Penny seemed to see some irony. "You don’t need me. You have courage enough for us all."
Dana regarded her steadily. "Then I got it from you."
Despite the pain Penny smiled and again squeezed her hand, held it insistently. "Who are you, Dana?"
A moment passed between them, frozen in time. It spoke of the ordeal, of the experience known only to those who had been through it together. The suffering, utter despair and the tears. Unstated, a confirmation that the greatest pain could be shared, even eliminated by the strong emotional links forged in adversity. In an unshakeable bond, trust, mutual respect and love could conquer all.
Dana closed her other hand over Penny’s and contemplated the question sincerely. Her reply, when it came, held a certain amount of pride: "I’m one of you."
Penny nodded. It was enough. She closed her eyes for a while, but then winced in reaction to a painful spasm. Dana leaned nearer to rest a hand on her shoulder. As a doctor she felt less than useless, her inability to relieve this woman’s suffering cut her to the bone.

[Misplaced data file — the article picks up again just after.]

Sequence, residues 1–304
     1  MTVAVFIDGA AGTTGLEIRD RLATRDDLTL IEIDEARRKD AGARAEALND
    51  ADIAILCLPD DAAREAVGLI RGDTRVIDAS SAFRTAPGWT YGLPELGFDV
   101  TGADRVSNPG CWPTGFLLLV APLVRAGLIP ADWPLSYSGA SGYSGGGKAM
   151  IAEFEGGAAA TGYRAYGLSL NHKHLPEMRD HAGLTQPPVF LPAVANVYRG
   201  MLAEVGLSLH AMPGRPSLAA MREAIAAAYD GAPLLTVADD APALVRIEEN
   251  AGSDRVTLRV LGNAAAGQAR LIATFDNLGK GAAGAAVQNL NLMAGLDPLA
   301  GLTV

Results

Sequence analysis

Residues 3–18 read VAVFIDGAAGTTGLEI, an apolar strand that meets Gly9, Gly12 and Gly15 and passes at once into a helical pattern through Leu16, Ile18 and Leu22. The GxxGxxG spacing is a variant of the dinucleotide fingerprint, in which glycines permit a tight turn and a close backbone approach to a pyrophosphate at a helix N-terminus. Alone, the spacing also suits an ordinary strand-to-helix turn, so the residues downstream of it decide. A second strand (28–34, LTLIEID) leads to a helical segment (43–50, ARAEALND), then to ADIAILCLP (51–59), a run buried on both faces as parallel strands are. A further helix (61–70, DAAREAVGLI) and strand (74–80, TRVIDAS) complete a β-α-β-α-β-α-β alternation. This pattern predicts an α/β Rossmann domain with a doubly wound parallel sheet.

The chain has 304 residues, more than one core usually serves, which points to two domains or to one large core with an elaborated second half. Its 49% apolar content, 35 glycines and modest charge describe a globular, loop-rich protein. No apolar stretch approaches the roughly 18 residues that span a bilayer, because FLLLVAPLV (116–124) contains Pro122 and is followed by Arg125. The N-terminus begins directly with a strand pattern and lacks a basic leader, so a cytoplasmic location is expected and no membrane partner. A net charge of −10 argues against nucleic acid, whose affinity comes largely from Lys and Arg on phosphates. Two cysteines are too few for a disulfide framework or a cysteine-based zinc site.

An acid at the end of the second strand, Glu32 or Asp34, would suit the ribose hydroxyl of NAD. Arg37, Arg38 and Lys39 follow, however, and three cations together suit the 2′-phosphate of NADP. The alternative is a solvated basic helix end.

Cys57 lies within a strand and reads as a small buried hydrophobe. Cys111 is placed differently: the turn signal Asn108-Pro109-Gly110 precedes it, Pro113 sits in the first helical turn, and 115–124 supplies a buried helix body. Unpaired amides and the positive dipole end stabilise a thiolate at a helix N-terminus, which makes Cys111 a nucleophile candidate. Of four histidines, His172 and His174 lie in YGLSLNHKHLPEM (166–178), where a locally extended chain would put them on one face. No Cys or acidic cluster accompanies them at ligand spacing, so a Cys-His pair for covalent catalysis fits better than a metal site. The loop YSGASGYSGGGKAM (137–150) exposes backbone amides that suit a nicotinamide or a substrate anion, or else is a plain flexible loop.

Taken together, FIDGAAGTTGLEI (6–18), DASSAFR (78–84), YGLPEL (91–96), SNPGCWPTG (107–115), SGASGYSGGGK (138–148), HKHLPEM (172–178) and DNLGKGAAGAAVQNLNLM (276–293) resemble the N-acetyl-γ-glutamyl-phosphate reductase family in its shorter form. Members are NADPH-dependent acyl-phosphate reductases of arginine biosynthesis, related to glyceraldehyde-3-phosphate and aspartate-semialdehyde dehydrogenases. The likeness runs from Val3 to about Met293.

Penny peered at her. "How can this be allowed to happen, Dana?"
Innocence no protection, an unfathomable enigma and a terrible, terrible crime. Dana shook her head. How could she possibly answer? Penny’s expression underlined her bewildered anger, she continued: "You know, we’re ignored. The Government ridicules us; sceptics call us crazy, or worse, liars." Dana pursed her lips and averted her eyes, struck by the inadvertent accusation. There was guilt by association, and the truth tasted unpalatable, doubly so.
"They even deny us medical insurance," Penny added with misery. "Nothing is done, and we continue to suffer." The anger surfaced. "How many have to suffer." She closed her eyes hard and banged her fist against the bed side. "We lose everything, family, friends, even our dignity."
Dana raised an eyebrow, surprised and concerned. It wasn’t true. "No, Penny, that you haven’t lost."